Loss is an unavoidable part of life and can be “concrete,” such as a loved one passing or a serious illness, or imprecise — the abandonment of a goal or a failed expectation.
Grief is our complete reaction to a loss, and it occurs throughout our lives. Sometimes positive developments bring with them some grieving as we let go of the past and embrace the new.
Each person grieves uniquely and not just for the loss, but for its implications. The intensity and duration of grief is often determined by the severity of the loss.
Some symptoms of grieving include: sadness, depression, guilt, poor concentration, lack of sleep, weight loss or gain, and doubting or loss of religious faith. They are typically strongest in the first stages of the grieving process.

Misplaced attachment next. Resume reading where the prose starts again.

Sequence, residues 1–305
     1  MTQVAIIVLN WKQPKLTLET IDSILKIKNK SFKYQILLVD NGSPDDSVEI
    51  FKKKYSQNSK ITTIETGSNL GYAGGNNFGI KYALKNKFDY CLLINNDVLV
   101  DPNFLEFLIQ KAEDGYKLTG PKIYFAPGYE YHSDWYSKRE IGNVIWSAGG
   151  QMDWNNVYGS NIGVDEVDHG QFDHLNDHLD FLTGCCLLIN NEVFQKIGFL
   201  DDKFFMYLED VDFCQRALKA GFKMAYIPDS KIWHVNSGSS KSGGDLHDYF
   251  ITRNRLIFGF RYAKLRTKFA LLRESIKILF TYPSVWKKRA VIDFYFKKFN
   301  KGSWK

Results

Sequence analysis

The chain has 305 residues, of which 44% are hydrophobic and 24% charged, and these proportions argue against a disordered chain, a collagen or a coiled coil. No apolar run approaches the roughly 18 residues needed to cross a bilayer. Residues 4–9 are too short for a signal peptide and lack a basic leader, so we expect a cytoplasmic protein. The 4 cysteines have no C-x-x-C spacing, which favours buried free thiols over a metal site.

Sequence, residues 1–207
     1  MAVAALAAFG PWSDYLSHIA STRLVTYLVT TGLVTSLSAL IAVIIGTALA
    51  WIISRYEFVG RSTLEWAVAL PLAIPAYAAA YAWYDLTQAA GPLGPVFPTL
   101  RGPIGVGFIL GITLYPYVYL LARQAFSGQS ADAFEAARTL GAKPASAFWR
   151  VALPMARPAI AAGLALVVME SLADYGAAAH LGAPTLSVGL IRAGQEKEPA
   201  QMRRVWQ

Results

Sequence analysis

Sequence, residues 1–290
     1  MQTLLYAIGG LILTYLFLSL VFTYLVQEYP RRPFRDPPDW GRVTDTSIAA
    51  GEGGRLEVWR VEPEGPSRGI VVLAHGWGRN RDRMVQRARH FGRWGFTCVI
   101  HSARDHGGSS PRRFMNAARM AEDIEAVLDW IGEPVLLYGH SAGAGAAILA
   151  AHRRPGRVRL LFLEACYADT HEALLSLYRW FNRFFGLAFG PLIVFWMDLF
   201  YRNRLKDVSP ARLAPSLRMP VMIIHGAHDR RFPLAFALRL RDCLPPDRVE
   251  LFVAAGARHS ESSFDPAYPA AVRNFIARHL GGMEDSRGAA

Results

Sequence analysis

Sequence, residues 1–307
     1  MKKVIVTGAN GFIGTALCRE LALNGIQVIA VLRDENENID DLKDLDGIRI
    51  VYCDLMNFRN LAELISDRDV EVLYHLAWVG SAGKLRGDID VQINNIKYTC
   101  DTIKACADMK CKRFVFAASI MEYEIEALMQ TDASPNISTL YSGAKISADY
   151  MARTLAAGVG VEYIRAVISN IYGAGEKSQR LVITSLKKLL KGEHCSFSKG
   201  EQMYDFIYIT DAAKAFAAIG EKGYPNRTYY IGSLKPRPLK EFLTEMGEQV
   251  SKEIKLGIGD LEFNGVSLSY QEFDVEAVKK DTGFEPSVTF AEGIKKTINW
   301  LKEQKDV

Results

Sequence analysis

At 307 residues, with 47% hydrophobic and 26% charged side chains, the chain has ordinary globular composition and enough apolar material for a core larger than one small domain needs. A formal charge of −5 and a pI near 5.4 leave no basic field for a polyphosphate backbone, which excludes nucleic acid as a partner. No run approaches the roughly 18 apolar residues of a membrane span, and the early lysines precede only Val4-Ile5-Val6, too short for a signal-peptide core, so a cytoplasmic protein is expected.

Grieving can become maladaptive, or harmful, when an individual stops moving through the grieving process. For example, an effort is made to keep a lost loved one alive, or an individual is not able to participate in daily activities.
Symptoms of maladaptive grieving include nightmares, loss of self-esteem, depression, anxiety, apathy, feelings of hopelessness, and guilt.
All the factors that hinder an individual’s ability to grieve are treatable.
In therapy, our intention is to provide you with a compassionate, empathic, and safe space to process the difficult emotions you are experiencing due to your grief and loss. We will support you as you process your reactions to your loss and move through your healing journey.